If you're decorating for the holidays, and plenty of you are, odds are you've go the ladder out. Here are a few other important things you can get done before you put it away again:Read More »from Got the ladder out for holiday decorating? Get a few quick projects done before you put it away again
- Clean your gutters before the first snow; although, it may already be too late for some of you. You might also want to take some time to repair damaged gutters, and/or patch leaks
-Clear out those forgotten high, over-the-fridge kitchen cabinets. You may have seasonal items or other things you'll be surprised to find in there. You might also consider painting your kitchen cabinets for a fresh look this holiday season
- Clean chandeliers and lighting fixture covers. If you don't already have a chandelier, here's how to hang one to spruce up your dining room, living room, or foyer
- Dust your ceiling fan, and reverse blades so they'll circulate heated air this winter
- Clean out your air vents; they're disgusting
- Vacuum up cobwebs in high corners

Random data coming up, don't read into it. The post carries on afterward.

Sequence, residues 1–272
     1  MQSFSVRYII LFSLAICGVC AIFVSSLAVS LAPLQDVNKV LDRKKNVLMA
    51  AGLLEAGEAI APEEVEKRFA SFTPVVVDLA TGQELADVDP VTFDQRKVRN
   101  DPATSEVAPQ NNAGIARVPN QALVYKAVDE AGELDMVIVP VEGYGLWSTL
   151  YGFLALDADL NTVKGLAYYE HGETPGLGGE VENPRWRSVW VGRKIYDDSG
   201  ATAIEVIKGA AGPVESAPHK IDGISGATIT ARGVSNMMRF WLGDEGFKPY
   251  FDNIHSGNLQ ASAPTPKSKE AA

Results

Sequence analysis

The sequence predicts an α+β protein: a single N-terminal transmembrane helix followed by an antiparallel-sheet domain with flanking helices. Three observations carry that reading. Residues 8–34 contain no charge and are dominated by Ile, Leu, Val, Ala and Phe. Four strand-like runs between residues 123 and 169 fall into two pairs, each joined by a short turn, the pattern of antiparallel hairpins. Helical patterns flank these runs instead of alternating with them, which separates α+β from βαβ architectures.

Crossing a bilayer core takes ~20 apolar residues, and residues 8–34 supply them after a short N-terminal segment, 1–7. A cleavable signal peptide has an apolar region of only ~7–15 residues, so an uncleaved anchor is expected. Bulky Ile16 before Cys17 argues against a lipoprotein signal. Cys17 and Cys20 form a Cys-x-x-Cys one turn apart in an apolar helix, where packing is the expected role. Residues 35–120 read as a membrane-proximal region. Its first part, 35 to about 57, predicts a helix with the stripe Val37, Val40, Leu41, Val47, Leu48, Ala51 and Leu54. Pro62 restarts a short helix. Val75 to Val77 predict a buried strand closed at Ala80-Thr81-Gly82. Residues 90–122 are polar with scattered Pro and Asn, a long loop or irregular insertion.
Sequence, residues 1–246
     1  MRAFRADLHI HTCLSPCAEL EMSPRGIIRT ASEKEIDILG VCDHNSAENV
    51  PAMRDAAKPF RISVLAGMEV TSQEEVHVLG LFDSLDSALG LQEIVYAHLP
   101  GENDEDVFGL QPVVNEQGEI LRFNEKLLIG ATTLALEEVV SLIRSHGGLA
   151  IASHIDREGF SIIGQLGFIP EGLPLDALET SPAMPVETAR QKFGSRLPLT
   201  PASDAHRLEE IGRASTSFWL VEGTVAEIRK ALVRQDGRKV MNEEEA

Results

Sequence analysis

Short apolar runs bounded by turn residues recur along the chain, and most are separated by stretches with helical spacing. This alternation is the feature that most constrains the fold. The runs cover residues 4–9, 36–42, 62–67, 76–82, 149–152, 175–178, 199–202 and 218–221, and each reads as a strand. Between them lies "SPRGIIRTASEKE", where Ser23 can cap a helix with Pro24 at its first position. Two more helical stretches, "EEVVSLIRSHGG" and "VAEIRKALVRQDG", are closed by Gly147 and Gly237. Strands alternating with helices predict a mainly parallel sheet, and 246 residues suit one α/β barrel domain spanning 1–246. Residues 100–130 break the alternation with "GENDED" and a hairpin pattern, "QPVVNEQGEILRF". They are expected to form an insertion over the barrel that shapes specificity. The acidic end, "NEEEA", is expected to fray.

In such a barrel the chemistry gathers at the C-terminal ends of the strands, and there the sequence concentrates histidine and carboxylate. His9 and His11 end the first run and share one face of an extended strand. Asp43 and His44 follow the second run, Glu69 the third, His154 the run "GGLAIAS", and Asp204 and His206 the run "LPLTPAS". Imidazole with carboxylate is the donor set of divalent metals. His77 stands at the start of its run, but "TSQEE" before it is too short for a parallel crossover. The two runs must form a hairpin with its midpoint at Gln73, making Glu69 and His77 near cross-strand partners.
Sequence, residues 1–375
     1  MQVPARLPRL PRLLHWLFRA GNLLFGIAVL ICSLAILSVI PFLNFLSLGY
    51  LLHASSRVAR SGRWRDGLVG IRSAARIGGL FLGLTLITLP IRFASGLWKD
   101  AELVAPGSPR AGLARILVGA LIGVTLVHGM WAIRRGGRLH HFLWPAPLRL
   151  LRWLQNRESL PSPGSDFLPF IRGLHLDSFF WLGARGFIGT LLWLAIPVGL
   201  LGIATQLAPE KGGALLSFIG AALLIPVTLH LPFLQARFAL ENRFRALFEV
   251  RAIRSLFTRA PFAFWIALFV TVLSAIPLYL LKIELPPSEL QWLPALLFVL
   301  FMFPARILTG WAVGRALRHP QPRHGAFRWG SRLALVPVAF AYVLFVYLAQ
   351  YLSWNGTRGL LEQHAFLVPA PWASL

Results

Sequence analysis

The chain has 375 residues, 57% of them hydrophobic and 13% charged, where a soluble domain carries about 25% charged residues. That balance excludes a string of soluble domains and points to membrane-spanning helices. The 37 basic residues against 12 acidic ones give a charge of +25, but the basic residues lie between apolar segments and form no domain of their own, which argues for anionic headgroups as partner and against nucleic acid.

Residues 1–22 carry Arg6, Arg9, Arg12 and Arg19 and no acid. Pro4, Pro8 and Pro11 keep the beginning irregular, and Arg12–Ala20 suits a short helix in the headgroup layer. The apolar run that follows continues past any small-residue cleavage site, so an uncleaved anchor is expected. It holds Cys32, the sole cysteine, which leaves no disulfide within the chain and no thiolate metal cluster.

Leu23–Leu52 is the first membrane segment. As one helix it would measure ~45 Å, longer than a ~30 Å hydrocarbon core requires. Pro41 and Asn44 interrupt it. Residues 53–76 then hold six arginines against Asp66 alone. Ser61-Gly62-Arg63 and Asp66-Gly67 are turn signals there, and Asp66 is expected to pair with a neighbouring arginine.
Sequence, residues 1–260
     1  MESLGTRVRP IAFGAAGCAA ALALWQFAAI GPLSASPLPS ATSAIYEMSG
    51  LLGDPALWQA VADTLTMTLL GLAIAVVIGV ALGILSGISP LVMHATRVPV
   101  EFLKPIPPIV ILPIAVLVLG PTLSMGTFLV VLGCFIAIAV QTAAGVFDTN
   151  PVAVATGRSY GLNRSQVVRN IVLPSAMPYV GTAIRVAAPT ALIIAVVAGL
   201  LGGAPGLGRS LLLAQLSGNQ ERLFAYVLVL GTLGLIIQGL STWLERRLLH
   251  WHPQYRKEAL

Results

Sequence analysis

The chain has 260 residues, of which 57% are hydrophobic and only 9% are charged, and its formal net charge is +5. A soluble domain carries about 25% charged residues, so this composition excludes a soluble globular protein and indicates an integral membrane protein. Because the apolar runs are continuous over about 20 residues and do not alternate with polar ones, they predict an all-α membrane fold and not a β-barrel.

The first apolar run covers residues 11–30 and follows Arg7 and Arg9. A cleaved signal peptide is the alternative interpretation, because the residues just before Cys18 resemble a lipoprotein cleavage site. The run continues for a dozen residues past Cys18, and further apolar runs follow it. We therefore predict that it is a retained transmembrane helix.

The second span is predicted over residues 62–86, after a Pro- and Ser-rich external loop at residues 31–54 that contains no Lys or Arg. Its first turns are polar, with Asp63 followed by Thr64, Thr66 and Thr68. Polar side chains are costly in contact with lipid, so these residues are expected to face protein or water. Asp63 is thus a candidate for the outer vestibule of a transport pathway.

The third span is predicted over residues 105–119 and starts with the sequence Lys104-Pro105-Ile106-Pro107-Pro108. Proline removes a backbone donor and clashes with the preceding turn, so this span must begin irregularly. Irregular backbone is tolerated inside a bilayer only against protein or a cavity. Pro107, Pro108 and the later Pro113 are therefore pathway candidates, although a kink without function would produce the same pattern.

- Check, clean, and test your smoke detectors and carbon
Tips on how to buy the perfect tree, and what to do with it when you get home, from TOH landscape contractor Roger Cook
Picking the Perfect Tree
Christmas comes but once a year, and picking out the perfect tree to jolly up the living room is a family ritual full of fun and promise. But with all the different types of trees out there, it's hard to know which one is right for your holiday display. And knowing how to keep it green and fragrant once you deck it out is a talent that eludes many a yuletide reveler. "When a tree goes south," says This Old House landscape contractor Roger Cook, "ninety-nine percent of the time it's human error." So before you turn your tannenbaum into the Charlie Brown special, take a few tips from our experts on how to pick one, measure for it, and make sure it lasts through December 25 and maybe into the New Year.